Notes on Negotiations
By Marty Latz, Latz Negotiation Institute
I have been accused by my wife on occasion of negotiating too much – and she is right. Even though I enjoy the process immensely, sometimes I spend too much time and effort trying to get the absolute best deal when I might be better off just walking away or graciously accepting.
I was thus particularly interested in a recent Harvard Negotiation newsletter piece describing four situations when you should not negotiate (which originally appeared in the book Negotiation Genius, by Deepak Malhotra and Max Bazerman). Here they are, along with my thoughts on each.
1. Not worth your time.
Anyone who has ever hired a lawyer or paid someone an hourly rate understands that time is money.
In the negotiation world, time is also money and has a unique value to each individual. Everyone has a limited amount of time in life, so use it wisely. Ask yourself at the beginning of possible negotiations: is your preferred outcome (your goal) worth the likely time involved? If so, go for it. If not, don’t.
2. When your leverage is super weak.
The day after I graduated college I was driving from Wisconsin to Washington, DC when my car broke down in the middle of Ohio. After getting towed to the one car repair facility in the closest town, I was told I needed to replace my engine.
I was in a really tough spot. I was on crutches from knee surgery, had a job interview the next day in DC, and there was one cab in town that could get me to the airport 90 minutes away for the last flight that day to DC. And time was running out to make that flight.
Bottom line – my leverage was super weak as I really needed to get to DC that day, I had no good alternative to having them fix my car, and they knew I was desperate (they knew the cabbie).
So when I got an estimate to fix my car – while I asked for a discount by appealing to his sense of fairness as I figured it didn’t cost me anything to ask – I basically just accepted his offer.
Sometimes it’s better to just recognize your weak leverage and appeal to your counterpart’s sense of fairness.
3. When negotiating sends the wrong signal.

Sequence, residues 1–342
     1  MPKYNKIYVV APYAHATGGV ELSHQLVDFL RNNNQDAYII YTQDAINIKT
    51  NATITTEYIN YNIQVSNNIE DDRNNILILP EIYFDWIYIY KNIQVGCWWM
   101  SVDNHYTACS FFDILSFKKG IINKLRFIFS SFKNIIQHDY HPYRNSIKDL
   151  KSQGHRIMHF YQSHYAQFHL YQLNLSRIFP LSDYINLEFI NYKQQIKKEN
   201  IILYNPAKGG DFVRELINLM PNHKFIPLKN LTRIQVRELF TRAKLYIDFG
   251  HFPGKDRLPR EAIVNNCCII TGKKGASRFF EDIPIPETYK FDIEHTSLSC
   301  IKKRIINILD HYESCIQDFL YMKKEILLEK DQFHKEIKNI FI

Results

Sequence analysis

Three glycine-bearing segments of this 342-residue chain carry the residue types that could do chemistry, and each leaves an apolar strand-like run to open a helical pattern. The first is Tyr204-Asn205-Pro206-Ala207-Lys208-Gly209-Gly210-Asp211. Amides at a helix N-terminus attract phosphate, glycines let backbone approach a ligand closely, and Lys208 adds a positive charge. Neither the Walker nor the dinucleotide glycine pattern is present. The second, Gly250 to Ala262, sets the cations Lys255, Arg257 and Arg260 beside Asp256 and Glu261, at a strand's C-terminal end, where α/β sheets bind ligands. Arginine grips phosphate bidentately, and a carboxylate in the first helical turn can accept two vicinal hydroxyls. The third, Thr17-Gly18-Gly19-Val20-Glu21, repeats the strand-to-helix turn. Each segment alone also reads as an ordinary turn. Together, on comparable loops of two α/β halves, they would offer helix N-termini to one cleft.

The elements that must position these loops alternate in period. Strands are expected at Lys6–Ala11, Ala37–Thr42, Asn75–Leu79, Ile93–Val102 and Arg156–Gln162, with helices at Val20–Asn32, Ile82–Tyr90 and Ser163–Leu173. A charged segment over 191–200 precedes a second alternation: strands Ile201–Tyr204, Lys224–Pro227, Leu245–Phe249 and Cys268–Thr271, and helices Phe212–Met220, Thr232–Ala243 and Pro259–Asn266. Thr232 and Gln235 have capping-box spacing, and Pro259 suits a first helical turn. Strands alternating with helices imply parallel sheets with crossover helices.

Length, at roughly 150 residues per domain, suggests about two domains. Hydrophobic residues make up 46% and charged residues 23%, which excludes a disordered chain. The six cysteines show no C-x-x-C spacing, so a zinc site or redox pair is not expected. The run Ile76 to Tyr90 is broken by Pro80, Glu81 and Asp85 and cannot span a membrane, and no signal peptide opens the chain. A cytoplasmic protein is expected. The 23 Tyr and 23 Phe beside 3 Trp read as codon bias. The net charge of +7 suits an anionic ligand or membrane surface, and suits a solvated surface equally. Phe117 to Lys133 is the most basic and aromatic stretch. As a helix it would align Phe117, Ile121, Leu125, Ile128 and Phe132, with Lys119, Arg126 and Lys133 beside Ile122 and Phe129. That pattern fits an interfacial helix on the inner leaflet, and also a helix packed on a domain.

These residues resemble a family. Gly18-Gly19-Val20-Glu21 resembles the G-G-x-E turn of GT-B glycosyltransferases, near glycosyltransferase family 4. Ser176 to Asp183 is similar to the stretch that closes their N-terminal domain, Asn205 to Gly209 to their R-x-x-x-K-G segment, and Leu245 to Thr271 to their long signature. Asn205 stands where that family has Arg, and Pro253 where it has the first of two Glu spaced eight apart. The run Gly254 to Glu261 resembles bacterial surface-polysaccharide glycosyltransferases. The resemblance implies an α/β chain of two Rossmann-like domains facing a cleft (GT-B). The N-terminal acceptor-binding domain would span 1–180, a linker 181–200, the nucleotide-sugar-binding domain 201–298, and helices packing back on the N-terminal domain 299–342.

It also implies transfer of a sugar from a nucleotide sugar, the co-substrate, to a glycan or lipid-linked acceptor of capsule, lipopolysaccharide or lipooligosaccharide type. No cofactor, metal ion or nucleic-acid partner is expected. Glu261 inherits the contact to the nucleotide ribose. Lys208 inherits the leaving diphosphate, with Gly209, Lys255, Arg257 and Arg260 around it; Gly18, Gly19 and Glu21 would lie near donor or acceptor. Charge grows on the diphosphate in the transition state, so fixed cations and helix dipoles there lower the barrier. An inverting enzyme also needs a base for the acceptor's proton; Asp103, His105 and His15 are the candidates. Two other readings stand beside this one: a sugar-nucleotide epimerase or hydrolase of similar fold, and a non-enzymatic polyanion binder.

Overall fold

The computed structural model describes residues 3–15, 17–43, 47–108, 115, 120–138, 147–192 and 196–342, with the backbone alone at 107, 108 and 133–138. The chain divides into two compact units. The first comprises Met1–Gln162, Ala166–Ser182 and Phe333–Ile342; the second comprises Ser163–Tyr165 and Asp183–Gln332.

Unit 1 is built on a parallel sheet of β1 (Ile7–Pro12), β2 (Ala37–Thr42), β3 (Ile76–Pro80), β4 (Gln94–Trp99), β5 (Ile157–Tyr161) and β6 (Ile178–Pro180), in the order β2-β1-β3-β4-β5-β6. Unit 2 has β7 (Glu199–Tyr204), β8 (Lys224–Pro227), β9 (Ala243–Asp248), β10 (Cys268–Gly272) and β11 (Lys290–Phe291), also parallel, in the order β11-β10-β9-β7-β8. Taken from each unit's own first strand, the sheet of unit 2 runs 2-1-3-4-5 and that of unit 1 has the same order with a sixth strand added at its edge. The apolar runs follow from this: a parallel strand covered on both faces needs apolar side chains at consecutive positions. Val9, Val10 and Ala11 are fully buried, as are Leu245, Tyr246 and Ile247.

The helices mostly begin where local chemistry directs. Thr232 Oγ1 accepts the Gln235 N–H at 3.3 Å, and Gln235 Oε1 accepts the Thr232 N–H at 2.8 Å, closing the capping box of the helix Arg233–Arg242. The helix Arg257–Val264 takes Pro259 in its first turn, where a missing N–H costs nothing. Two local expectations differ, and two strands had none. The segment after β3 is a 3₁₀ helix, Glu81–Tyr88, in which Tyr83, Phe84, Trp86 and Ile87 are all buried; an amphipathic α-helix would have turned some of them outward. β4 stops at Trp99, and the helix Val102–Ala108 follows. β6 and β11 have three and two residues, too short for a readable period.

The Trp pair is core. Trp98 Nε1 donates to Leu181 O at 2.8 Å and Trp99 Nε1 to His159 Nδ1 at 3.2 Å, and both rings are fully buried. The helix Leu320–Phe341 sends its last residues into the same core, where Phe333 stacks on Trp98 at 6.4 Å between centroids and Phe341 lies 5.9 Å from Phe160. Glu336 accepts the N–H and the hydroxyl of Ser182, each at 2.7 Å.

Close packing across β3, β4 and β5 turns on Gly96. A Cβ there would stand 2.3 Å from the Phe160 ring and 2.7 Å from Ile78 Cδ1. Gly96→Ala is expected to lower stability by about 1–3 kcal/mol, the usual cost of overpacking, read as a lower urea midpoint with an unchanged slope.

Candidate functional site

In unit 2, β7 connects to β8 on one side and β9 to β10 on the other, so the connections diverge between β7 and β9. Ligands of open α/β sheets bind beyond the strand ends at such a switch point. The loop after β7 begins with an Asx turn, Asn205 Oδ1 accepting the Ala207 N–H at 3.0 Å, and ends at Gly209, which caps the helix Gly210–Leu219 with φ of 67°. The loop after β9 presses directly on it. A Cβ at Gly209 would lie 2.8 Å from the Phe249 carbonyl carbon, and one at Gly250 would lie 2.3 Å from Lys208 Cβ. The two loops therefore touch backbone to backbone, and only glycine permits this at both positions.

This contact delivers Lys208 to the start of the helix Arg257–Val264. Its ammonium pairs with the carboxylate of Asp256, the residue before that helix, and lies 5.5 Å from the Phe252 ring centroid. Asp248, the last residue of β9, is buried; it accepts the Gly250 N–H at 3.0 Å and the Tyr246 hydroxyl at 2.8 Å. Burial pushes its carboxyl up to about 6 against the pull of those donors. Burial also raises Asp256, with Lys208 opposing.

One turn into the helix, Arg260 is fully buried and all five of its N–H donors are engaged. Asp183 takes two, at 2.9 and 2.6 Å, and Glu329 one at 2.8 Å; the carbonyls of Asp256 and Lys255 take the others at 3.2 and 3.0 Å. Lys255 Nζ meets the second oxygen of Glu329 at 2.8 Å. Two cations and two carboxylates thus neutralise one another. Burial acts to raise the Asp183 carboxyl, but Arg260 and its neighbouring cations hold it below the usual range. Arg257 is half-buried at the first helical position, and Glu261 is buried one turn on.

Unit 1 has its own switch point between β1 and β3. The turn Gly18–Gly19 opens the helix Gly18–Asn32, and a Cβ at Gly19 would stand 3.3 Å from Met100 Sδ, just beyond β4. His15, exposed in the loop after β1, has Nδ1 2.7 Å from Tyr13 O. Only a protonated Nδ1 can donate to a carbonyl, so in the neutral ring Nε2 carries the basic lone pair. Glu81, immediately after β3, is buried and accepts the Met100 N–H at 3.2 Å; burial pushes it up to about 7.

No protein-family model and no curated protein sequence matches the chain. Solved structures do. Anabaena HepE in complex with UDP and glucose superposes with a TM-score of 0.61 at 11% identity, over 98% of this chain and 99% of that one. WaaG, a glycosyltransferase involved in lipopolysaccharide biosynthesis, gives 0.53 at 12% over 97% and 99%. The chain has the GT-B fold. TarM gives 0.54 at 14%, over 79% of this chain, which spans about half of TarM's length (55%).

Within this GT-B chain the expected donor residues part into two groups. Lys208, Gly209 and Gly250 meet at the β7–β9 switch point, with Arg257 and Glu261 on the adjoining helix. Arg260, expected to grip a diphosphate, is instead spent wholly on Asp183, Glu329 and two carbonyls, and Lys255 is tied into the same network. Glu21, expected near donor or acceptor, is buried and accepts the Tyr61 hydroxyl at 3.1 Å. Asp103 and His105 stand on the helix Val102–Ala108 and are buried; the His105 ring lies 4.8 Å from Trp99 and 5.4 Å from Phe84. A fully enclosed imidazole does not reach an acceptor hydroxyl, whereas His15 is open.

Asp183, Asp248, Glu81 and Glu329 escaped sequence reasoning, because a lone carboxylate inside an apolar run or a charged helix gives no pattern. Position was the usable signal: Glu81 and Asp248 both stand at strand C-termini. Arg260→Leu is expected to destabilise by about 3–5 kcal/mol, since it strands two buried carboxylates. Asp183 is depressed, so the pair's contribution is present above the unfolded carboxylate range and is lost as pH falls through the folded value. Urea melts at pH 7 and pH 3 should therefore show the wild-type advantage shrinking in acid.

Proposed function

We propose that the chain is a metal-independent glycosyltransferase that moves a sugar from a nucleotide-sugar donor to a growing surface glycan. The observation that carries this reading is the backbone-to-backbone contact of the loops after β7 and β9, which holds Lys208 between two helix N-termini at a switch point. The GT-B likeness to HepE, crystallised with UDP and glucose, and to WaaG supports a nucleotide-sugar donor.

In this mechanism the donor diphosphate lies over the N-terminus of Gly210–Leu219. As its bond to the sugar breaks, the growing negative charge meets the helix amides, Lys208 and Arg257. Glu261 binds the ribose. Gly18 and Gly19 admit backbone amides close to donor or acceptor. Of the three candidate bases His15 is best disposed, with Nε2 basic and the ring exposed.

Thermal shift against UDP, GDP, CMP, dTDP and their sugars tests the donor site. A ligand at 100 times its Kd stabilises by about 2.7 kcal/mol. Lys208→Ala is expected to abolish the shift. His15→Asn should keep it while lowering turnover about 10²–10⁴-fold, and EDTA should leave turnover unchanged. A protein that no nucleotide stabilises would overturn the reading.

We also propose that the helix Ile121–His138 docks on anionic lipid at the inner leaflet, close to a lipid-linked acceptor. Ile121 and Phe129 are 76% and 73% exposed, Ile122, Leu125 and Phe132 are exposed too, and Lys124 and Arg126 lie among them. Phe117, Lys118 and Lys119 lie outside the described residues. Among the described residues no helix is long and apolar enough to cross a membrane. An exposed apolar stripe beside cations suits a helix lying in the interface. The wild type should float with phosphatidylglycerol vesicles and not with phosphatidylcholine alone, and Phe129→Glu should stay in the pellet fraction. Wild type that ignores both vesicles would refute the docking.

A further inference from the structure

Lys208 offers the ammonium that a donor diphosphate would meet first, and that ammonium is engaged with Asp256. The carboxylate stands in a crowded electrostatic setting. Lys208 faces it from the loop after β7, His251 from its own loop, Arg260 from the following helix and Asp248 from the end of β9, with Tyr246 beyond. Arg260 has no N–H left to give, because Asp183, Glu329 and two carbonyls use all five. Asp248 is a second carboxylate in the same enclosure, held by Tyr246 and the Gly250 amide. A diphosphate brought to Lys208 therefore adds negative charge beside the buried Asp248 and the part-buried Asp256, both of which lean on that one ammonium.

We’ve all heard the phrase “don’t look a gift horse in the mouth.” Sometimes the downside risk of negotiating is significant, the upside benefit of just accepting their offer is big, and it’s just not worth it to engage.
Perhaps your new boss asked you to finish a particularly interesting and important project over the weekend. Don’t ask for something extra because it’s the weekend, making you appear ungrateful.
Or perhaps your friend offered you some sports tickets at his cost, just hours before the game. You could probably get him to knock off some dollars off as he’s likely desperate, but doing so would appear cheap.
4. When negotiating is culturally inappropriate.
Do you know anyone who negotiates the price of food at large grocery stores? Probably not. It’s culturally inappropriate here.
When dealing with those from other cultures, find out whether and under what circumstances it is appropriate to negotiate. Sometimes their negotiation norms will be similar to ours. Other times you may put yourself in awkward and embarrassing situations.
Marty Latz is the founder of Latz Negotiation Institute, a national negotiation training and consulting company, and ExpertNegotiator, a Web-based software company that helps managers and negotiators more effectively negotiate and implement best practices based on the experts’ proven research. He is also the author of Gain the Edge! Negotiating to Get What You Want (St. Martin’s Press 2004). He can be reached at 480-951-3222 or Latz@ExpertNegotiator.com